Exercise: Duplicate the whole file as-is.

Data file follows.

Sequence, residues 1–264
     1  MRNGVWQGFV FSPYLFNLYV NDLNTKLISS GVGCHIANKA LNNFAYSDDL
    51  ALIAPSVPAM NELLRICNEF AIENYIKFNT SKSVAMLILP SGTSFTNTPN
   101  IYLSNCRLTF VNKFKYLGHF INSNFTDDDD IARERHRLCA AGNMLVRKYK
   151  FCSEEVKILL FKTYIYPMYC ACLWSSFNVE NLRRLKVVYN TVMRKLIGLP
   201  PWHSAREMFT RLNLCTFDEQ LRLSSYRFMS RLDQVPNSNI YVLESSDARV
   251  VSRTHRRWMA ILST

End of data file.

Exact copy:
Sequence, residues 1–264
     1  MRNGVWQGFV FSPYLFNLYV NDLNTKLISS GVGCHIANKA LNNFAYSDDL
    51  ALIAPSVPAM NELLRICNEF AIENYIKFNT SKSVAMLILP SGTSFTNTPN
   101  IYLSNCRLTF VNKFKYLGHF INSNFTDDDD IARERHRLCA AGNMLVRKYK
   151  FCSEEVKILL FKTYIYPMYC ACLWSSFNVE NLRRLKVVYN TVMRKLIGLP
   201  PWHSAREMFT RLNLCTFDEQ LRLSSYRFMS RLDQVPNSNI YVLESSDARV
   251  VSRTHRRWMA ILST